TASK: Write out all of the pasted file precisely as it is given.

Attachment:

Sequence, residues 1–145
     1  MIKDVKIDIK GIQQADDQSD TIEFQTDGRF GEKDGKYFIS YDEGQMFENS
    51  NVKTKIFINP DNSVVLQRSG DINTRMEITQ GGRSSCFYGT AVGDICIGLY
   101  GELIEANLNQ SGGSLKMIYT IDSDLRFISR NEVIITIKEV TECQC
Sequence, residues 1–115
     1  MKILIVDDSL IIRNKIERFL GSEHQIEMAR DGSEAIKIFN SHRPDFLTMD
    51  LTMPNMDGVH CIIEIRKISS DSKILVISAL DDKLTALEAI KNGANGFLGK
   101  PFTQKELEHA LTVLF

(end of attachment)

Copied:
Sequence, residues 1–145
     1  MIKDVKIDIK GIQQADDQSD TIEFQTDGRF GEKDGKYFIS YDEGQMFENS
    51  NVKTKIFINP DNSVVLQRSG DINTRMEITQ GGRSSCFYGT AVGDICIGLY
   101  GELIEANLNQ SGGSLKMIYT IDSDLRFISR NEVIITIKEV TECQC
Sequence, residues 1–115
     1  MKILIVDDSL IIRNKIERFL GSEHQIEMAR DGSEAIKIFN SHRPDFLTMD
    51  LTMPNMDGVH CIIEIRKISS DSKILVISAL DDKLTALEAI KNGANGFLGK
   101  PFTQKELEHA LTVLF